Ljubljana- In the second wave of epidemic, the government seems to be taking rapid measures under pressure to be able to boast, believes Davorin Kračun, the head of the Fiscal Council. “It could easily happen that many measures will prove counterproductive,” he said in an interview the newspaper Večer runs on Saturday.
He gave as an example media reports about the government flirting with introducing forced retirement, something the country had during the financial crisis.
The measure would mean the public pension insurance fund has to pay EUR 200 million more in pensions every year, meaning a permanent rise in expenditure.
“This is in contradiction with efforts for pension reform which would bring a long-term sustainability of public finances.”
Kračun believes the government’s measures show a kind of panic, cautioning against it.
“Even if Slovenia is the leader in terms of Covid-19 deaths, panic is ill-placed. What we need is taking action rationally, transparently and most of all, effectively.”
Given the large scope of borrowing – EUR 5.7 billion in ten months – the measures must “really be well targetted and most of all, transparent”.
In Kračun’s view, Slovenia “was in a relatively good condition” when the health crisis hit, “but it could have been better”.
He regrets its failing to create enough wiggle room in the years of growth, while entertaining an illusion of eternal growth.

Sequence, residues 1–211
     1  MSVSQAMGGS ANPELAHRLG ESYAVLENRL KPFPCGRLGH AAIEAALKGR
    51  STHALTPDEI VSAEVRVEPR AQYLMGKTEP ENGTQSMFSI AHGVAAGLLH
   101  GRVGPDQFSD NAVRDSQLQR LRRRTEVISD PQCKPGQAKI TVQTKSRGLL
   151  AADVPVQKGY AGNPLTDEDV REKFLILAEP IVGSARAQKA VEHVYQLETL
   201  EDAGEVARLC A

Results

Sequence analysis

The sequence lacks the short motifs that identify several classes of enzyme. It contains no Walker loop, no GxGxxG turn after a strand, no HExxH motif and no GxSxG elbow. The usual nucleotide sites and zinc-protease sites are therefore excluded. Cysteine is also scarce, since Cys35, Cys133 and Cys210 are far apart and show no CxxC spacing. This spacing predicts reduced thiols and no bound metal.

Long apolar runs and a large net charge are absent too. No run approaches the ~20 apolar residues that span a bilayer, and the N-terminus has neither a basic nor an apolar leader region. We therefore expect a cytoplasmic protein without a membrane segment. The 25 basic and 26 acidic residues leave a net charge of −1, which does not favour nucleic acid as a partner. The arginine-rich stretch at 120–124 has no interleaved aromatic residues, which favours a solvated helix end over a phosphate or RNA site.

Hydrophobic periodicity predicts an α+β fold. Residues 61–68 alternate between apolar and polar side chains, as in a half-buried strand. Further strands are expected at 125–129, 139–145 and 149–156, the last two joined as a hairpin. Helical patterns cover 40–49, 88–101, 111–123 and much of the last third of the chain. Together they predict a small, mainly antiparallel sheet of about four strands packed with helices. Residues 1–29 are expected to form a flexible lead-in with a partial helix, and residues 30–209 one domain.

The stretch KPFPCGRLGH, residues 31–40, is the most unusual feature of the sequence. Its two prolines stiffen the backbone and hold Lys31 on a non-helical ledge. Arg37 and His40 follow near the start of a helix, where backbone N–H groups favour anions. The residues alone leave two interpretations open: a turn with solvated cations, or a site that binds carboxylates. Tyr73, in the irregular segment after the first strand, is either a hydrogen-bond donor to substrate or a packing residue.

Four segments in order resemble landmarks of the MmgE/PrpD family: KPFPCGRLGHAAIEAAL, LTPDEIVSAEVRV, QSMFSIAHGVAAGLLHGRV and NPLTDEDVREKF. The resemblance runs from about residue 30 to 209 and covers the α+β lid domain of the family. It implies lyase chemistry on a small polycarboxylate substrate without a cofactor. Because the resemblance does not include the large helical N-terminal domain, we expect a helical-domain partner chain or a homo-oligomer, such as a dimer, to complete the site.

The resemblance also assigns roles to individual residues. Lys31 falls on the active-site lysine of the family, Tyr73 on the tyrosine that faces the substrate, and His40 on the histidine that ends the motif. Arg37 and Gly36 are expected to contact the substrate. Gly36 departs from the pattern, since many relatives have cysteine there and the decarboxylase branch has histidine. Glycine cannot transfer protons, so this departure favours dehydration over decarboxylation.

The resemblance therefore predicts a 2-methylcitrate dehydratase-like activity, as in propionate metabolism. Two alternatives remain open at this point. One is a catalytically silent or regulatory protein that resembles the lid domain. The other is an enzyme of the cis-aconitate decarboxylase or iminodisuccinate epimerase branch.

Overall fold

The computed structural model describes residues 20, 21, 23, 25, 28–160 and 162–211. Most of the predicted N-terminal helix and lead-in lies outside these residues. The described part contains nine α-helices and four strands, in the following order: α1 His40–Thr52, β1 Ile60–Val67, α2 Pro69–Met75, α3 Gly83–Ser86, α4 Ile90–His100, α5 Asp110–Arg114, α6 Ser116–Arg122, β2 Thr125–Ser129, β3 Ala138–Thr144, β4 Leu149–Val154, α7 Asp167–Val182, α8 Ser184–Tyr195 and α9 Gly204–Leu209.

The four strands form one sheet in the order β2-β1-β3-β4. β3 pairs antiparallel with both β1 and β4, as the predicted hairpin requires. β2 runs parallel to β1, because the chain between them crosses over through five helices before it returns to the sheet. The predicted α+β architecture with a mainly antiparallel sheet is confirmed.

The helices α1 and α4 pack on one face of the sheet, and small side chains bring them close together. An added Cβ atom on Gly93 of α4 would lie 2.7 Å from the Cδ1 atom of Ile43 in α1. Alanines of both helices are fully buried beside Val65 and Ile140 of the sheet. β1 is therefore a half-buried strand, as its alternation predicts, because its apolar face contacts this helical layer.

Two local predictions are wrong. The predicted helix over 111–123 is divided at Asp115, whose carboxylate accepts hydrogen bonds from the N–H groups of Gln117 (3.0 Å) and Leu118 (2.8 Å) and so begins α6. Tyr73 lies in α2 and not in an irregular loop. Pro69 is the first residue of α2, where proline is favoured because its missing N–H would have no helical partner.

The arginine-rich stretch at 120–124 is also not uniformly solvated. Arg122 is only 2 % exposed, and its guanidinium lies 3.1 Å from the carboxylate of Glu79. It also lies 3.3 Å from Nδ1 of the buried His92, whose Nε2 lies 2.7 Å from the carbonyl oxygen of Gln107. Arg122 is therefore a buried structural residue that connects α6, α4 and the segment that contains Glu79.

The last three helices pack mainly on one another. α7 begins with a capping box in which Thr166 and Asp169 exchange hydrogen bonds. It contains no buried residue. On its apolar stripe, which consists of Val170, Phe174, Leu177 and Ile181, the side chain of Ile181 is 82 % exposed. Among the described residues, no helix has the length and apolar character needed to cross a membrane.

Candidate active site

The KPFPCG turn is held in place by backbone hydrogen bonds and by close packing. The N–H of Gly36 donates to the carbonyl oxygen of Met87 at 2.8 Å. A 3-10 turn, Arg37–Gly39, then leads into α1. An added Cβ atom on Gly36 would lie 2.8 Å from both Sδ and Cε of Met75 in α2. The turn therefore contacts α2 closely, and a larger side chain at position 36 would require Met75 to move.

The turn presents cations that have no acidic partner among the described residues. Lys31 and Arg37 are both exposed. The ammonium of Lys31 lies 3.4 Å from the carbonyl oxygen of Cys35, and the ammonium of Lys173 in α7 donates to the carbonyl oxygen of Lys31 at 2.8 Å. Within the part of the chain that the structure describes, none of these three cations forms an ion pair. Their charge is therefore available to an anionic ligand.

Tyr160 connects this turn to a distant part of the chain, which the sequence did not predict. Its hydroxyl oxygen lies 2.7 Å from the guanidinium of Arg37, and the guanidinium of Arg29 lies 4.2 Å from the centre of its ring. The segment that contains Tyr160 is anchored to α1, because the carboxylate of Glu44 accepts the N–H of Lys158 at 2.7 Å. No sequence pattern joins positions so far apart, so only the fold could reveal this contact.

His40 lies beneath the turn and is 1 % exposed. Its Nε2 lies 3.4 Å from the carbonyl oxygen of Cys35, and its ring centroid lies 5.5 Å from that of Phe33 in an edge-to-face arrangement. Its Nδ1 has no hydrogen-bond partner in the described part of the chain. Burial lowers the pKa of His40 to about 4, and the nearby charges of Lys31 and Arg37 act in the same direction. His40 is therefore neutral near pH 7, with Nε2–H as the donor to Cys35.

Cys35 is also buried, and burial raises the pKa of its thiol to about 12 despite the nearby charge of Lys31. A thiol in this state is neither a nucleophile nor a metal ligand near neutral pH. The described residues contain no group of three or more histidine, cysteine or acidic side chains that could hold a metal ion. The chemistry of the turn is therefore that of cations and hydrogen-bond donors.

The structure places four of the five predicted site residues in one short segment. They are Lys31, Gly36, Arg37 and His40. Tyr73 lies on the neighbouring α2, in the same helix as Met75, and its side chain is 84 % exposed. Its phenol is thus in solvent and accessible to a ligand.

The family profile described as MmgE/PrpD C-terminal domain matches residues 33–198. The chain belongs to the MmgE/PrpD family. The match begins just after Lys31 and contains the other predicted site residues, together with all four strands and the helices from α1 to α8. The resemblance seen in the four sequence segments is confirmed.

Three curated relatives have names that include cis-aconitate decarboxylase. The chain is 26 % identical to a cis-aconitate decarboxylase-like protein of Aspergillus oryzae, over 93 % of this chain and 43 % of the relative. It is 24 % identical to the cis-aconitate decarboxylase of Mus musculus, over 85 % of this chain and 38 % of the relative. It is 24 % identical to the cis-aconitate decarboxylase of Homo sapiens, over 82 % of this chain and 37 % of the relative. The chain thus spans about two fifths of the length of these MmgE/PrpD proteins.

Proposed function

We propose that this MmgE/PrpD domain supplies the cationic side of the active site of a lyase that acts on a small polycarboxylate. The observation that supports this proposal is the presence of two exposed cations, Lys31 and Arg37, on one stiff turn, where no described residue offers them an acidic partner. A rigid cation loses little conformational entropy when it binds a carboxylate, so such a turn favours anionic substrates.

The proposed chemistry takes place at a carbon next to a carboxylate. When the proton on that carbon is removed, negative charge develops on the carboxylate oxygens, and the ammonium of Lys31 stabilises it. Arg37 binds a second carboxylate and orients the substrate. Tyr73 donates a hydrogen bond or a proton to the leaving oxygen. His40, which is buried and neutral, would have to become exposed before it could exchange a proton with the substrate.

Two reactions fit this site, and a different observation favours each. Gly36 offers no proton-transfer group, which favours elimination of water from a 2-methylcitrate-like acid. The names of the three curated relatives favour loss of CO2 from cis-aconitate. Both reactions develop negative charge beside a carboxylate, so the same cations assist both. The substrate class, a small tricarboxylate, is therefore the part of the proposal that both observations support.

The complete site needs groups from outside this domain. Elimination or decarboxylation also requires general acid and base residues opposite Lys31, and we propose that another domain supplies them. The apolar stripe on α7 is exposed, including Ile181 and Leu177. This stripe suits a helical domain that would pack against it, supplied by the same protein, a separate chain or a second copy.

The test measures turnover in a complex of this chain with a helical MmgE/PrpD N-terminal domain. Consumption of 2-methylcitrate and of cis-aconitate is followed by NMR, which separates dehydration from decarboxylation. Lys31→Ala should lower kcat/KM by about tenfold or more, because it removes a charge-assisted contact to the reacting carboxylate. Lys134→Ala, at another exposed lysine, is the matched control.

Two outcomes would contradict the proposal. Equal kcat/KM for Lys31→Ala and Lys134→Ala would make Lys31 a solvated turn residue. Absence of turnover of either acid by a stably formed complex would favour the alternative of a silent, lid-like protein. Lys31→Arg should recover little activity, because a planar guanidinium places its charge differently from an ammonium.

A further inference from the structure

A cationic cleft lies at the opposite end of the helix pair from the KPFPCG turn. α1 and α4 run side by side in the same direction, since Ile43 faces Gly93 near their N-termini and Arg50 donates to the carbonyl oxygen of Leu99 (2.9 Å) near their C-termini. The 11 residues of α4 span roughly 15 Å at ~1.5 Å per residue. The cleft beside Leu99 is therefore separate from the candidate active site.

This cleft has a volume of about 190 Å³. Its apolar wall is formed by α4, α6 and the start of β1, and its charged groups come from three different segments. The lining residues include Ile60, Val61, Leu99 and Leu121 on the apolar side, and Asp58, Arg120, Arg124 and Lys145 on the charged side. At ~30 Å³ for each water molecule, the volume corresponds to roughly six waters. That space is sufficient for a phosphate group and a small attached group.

“This made it increase expenditure beyond reasonable possibilities, especially in the year before the epidemic broke out.”
Kračun cautioned against excessive borrowing, saying that at this time of favourable conditions, it is like a fire.
He believes the government is aware the fiscal rule focuses on the principle of prudence in budgeting, “but how it acts is another question”.
“Once the crisis is over, we are in for long-term challenges,” he said.
“Whatever permanent and inefficient rise in public spending which does not lead to GDP or productivity growth is making these long-term challenges harder.”
Earlier this year the Fiscal Council – which monitors Slovenia’s compliance with the constitutional rule of a balanced budget – expressed reservations about the supplementary budgets for 2021 and 2022, pointing to risks stemming from decisions to fully liberalise fuel prices, close shops on Sundays and change vehicle taxation.
Kračun believes popular measures which would be a serious threat to revenue should be avoided, while there are also risks on the expenditure side, mostly ideas to change the single pay system for the public sector, and in social transfers.
“This leads to being ever more exposed to political risks when likeable measures will burden the future parliament and government forcing them into more serious measures to stabilise public finances,” the economist told Večer.